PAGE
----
Course Hero. "1984 Study Guide." Course Hero. 28 July 2016. Web. 26 Sep. 2018. <https://www.coursehero.com/lit/1984/>.
Course Hero. (2016, July 28). 1984 Study Guide. In Course Hero. Retrieved September 26, 2018, from https://www.coursehero.com/lit/1984/
(Course Hero, 2016)
Course Hero. "1984 Study Guide." July 28, 2016. Accessed September 26, 2018. https://www.coursehero.com/lit/1984/.
Course Hero, "1984 Study Guide," July 28, 2016, accessed September 26, 2018, https://www.coursehero.com/lit/1984/.
Course Hero's video study guide provides in-depth summary and analysis of Book 1 | Chapter 5 of George Orwell's novel 1984.
Winston is in the canteen (lunchroom) at work when his coworker Syme joins him. Syme is working on the 11th edition of the Newspeak dictionary. The purpose of this dictionary is to eliminate words from the language, thereby reducing the range of possible thoughts and thus limiting people's consciousness. Syme says that reading classic literature will be impossible one day. Even having a conversation like Syme and Winston are having will be impossible. Party slogans will have to change. Syme explains by saying, "How could you have a slogan like 'freedom is slavery' when the concept of freedom has been abolished?"
They overhear a conversation at another table. The man isn't expressing a single original thought; he's parroting what he's been spoon-fed. "Duckspeak," Syme calls it, and he notes that it has two contradictory meanings: it can be an insult or praise. Winston thinks Syme is too intelligent to survive. He reads too much, thinks too deeply, and says things he shouldn't. One day, Winston is sure, he'll be vaporized.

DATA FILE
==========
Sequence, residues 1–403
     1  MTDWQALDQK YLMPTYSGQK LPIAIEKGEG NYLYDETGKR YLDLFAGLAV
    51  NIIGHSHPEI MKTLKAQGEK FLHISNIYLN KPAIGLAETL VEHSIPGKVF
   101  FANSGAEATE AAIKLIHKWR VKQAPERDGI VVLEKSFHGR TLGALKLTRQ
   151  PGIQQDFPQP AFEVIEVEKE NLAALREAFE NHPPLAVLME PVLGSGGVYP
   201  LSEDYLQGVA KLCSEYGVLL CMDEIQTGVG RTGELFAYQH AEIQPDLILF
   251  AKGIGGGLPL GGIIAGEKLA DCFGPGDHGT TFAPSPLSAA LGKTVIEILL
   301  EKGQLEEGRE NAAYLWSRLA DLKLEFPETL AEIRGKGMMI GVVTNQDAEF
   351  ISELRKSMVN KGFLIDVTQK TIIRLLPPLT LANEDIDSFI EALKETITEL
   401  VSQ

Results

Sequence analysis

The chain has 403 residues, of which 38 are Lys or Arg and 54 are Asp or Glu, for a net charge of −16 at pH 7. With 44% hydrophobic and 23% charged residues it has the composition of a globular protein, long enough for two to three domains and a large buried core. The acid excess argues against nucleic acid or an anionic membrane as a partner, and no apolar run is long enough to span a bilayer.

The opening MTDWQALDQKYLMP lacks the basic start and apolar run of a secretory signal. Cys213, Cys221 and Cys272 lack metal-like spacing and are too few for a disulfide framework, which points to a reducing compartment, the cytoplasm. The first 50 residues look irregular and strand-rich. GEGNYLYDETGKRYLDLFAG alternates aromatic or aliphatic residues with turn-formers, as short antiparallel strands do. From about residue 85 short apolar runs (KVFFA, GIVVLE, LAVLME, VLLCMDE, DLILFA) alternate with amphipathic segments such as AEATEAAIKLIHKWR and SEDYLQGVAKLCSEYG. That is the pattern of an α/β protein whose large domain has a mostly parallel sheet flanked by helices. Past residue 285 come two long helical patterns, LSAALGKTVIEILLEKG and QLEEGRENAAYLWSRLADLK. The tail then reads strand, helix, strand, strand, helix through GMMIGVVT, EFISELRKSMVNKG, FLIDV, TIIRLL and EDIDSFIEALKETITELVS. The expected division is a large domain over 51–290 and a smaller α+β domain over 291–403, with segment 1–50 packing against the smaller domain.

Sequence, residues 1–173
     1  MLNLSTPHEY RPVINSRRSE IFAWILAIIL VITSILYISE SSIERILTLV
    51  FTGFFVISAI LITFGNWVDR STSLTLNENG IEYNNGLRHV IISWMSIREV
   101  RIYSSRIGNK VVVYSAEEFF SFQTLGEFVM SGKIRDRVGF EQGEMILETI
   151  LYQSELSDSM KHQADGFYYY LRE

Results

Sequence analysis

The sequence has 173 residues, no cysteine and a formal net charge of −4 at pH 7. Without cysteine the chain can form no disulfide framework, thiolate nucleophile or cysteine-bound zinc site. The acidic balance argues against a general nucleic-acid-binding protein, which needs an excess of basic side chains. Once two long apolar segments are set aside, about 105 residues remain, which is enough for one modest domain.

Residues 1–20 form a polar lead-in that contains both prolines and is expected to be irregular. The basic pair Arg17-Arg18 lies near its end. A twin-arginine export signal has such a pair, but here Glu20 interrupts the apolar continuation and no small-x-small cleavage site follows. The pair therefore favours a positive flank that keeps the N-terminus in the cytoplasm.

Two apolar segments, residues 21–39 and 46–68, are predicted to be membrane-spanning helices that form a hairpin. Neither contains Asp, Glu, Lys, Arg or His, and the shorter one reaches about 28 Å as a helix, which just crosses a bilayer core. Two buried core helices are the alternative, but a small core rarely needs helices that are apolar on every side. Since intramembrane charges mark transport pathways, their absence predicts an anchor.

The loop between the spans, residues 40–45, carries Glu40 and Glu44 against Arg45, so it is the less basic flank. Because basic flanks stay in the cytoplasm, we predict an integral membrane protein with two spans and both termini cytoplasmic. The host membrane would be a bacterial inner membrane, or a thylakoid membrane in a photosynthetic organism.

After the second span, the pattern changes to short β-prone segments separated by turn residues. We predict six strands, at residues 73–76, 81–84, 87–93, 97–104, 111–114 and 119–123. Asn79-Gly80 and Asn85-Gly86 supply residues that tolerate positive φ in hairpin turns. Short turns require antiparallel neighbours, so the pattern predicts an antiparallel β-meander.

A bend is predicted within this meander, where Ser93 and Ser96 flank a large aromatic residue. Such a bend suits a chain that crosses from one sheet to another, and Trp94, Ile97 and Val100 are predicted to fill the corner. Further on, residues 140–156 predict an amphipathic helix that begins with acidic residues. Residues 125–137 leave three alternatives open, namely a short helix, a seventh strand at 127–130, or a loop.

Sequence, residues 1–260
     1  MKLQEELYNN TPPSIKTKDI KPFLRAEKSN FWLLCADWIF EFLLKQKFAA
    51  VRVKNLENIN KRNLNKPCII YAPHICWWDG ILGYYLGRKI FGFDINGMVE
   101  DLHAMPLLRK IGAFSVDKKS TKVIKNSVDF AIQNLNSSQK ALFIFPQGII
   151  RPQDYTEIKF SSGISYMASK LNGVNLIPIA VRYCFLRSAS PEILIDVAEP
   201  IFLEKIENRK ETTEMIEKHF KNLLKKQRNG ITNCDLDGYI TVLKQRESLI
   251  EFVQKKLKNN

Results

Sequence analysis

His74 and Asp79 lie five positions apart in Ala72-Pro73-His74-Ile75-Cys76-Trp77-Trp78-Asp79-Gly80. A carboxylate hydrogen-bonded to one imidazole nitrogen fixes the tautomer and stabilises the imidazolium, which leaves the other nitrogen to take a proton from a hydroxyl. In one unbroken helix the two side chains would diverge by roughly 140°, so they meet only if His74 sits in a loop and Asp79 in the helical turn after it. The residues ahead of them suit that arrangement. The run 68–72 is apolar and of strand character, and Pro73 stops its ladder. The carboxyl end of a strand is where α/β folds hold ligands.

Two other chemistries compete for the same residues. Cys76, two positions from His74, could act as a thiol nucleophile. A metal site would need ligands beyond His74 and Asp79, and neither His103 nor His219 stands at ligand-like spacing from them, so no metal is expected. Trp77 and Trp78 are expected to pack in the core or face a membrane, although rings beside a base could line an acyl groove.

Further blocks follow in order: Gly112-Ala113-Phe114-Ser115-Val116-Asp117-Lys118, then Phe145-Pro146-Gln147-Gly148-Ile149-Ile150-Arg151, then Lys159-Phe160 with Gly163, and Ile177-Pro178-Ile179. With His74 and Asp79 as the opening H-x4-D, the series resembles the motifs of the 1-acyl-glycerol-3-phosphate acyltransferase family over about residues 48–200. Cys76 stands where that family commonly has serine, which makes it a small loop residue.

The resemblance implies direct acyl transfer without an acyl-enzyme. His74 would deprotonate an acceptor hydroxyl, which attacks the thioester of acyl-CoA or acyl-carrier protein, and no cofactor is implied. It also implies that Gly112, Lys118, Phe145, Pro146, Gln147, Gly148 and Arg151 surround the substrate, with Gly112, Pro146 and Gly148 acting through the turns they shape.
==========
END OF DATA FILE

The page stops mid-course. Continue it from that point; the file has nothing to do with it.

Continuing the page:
Mr. Parsons, who also works at the Ministry of Truth, approaches the two bragging about how his daughter turned a man over to the Thought Police. Just then an announcement from the Ministry of Plenty touts production increases in everything from food to helicopters, and the reader considers that the Ministry's name is another example of doublethink. Winston knows the reality: scarcity of just about everything and general bleakness in daily life. But he also knows that memories have been toyed with. Why should anyone feel that life is "intolerable" if they can't remember that anything had once been different?
As everyone listens to the announcement, the dark-haired girl is looking at Winston, hoping her glances will not be noticed. But Winston does notice and is filled with fear. He worries his facial expression, or "facecrime," might give him away. As the chapter ends, a piercing whistle signals time to return to work.
The characters in this chapter all have some reason to be worried about survival. Syme, who is very good at his job and is even enthusiastic about removing subtlety from communication, still has a trait that may do him in after all. He's intelligent, and intelligent people can't be controlled as easily as the Party would like them to be. Is Winston's certainty that Syme will eventually be vaporized warranted? Judging from the reasons that people have been vaporized before, Winston is likely correct.
But what about Parsons? Parsons is proud of his kids for reporting people, but pride doesn't make him safe. If family members are encouraged to report each other, it's only a matter of time before Parsons loses his place in this highly stressful world.
Winston, of course, being a rebel, is worried all of the time that he's going to get caught, so his survival is at stake. The girl, if caught noticing Winston in a way that is anything but unemotional or hateful, could also get into trouble with the Party. The fact that Winston has to control his facial expressions around the girl foreshadows a more intense emotional connection with her than he's currently having.